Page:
With speculation rife over the identity of “Becky”, Getintothis’ Shaun Ponsonby calls bullshit.
Since “doing a Beyonce” seems to have become a thing that Beyonce is now going to spend the rest of her career doing, leading it to be a bigger surprise if and when Beyonce decides to announce an album and then release it, there is now a need for her to find ways of making the publicity surrounding it on release bigger than it was last time.
You would think the fact that new release Lemonade is a “visual album” (a pretentious way of saying you have made a music video for every song) would take that crown, but alas, instead all the talk has revolved around the song Sorry. In the lyric, the song’s female protagonist forgives her other half for infidelity with a girl called “Becky” who apparently had “good hair”. Cue disproportionate outcry on the internet. “Did Jay-Z have an affair?” cried people with no vested interest or problems of their own. And that’s not all; they also tried to figure out who this mysterious “Becky” is, because she is obviously a total bitch for doing this to ol’ Yonce. Because Beyonce is perfect, yeah? And criticising her is basically the celebrity equivalent of being a Holocaust denier.
Rita Ora denied that she is the supposed “Becky”, as did Iggy Azalea. I’m going to hazard a guess that Iggy Pop did too. At least I hope so, otherwise I’ll have an abstract image of Iggy Pop planting the parsnip in my head, and the actual images/footage of his parsnip are more than enough, thank you very much. And I am sure you will all be relieved to hear it’s not Rihanna. Cos, you know, God forbid, right?
One person did have the guts to own up to it.
Ok, ok, I AM "Becky with the good hair".
— Bette Midler (@BetteMidler) April 28, 2016
But, to be honest, I don’t know if I believe her.
Here’s an idea, though – what if there is no fucking “Becky” and this is all just a load of bollocks? You know, not everything you hear in a song is real. No members of Black Sabbath are – to my knowledge – either a “war” or a “pig”, for example. Smokey Robinson doesn’t really cry clown’s tears, and rain has never, ever been purple.
Thinking logically, Beyonce and Jay-Z are probably the biggest power couple in the world right now. They are a brand as much as McDonalds (or Tidal). Imagine the headlines if Ronald McDonald was pictured eating a Burger King Whopper (I will accept freebies from either of these companies for the mention, incidentally). What could generate more headlines to coincide with a new release than the idea that one of them has been unfaithful?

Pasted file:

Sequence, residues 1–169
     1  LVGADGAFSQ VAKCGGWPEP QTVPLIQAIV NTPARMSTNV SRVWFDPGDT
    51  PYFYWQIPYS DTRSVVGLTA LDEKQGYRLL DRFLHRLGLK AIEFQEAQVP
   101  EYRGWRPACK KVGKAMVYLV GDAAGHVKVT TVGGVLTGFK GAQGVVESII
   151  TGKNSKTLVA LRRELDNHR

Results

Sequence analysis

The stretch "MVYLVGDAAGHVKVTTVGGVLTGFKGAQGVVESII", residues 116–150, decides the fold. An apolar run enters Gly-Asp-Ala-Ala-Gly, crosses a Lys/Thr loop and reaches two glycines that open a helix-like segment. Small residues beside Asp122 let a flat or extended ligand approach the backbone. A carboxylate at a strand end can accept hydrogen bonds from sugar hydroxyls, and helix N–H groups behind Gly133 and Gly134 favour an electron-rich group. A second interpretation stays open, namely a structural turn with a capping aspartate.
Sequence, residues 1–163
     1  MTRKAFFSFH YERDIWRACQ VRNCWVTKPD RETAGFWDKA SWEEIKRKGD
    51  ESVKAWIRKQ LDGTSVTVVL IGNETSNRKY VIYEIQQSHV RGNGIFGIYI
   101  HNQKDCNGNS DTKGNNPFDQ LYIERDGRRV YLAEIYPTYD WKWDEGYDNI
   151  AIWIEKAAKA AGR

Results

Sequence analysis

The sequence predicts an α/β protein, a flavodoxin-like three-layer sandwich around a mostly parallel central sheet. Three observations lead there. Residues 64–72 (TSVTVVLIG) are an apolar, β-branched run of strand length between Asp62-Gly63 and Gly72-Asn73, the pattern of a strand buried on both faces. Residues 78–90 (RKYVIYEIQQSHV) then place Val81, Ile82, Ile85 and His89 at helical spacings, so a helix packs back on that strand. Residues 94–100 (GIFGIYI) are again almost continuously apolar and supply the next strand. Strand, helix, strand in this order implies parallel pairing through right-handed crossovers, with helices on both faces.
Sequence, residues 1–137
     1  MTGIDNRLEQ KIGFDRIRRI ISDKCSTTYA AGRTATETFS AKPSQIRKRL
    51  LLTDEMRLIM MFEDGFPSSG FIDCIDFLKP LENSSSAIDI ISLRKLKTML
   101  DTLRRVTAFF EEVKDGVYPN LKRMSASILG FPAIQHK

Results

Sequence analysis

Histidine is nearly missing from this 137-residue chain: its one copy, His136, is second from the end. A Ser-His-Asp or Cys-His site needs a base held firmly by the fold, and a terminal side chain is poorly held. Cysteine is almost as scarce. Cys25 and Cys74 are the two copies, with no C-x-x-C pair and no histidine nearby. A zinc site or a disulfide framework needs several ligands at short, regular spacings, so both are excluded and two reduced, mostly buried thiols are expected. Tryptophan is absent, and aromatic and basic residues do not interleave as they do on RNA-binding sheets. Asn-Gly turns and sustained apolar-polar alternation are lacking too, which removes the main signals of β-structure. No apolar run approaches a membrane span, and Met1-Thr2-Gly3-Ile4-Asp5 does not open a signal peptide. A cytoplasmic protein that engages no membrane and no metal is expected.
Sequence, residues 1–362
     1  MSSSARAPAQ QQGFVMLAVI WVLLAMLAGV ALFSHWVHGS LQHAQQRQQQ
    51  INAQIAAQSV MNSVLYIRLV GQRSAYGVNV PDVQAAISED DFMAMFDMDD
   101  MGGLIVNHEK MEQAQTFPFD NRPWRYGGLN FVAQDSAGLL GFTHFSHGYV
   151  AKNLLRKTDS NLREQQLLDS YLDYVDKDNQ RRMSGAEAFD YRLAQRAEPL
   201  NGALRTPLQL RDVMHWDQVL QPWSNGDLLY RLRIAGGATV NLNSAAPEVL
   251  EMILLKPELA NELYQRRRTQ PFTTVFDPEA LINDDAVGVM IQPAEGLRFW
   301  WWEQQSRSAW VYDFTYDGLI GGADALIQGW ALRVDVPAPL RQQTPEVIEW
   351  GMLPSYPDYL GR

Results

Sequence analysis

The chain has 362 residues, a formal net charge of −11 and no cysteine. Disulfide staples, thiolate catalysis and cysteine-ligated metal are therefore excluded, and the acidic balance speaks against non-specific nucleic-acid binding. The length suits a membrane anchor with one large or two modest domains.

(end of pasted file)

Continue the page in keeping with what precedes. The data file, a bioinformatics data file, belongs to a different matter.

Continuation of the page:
Within a matter of suspiciously fast hours of the “secret” album’s release, the whole “Becky” thing had spread like wild fire. It was all over the news and was deemed a “controversy” by unknowingly hyperbolic morons who deem this controversial in the same week that the Tories admitted to committing electoral fraud (which surely should be the real controversy this week?). Simply saying something is controversial doesn’t make it so. If The Mirror said that the existence of ankles was controversial, would you believe it? I wouldn’t. I’d call them insufferable twerps and be on my merry way. Because, like whether or not Jay-Z dug up Becky’s sand crab, the existence of ankles is not a burning issue of great international controversy.
Be weary of anything a pop star tells you on record or stage. Exactly none of them are presenting you with their life as it is. Most of it is fiction, and their interviews are akin to your Facebook timeline, where you portray an idealised version of your life that you want people to think you are living. They have created a persona that they live up to.
That’s not to say that Jay-Z hasn’t not been unfaithful (wonderful grammar there, Shaun), it’s just odd to see them market it. Even more so now that it seems Jay-Z is working on a “response” album, as opposed to just talking to the woman he lives with. You know what’s better than having couples therapy in public through contesting albums? Making a profit from it.
Either way, anyone who gives a flying frig really ought to reassess their priorities. If you are going to take anything away from this, be disappointed that the most descriptive thing Beyonce could muster to say about “Becky”’s hair is that it was “good”. Five people wrote and produced that song, and that’s the best they could come up with. That’s talent, folks.
As a publicity stunt, though, it was very “good“.
On the same day as Prince‘s death there were conspiracy videos going up about the circumstances surrounding it. “It was the illuminati, it was Warner Bros, it was Betty White“. What? These people had time to correctly research, gather necessary – and largely unclear – information, write, produce, edit and publish a video that accurately explained the salacious circumstances surrounding Prince‘s death within a matter of hours, did they? Vultures who are no better than the media they rally against. But then I guess being rational doesn’t get as many YouTube hits, does it?
This “super festival” in California with Paul McCartney, Rolling Stones, The Who, Roger Waters, Neil Young and Bob Dylan (finally! A festival for old, rich white people!) is taking a risk given the amount of deaths we’ve experienced, aren’t they?
Seriously? Blink 182 are bothering to make a new album?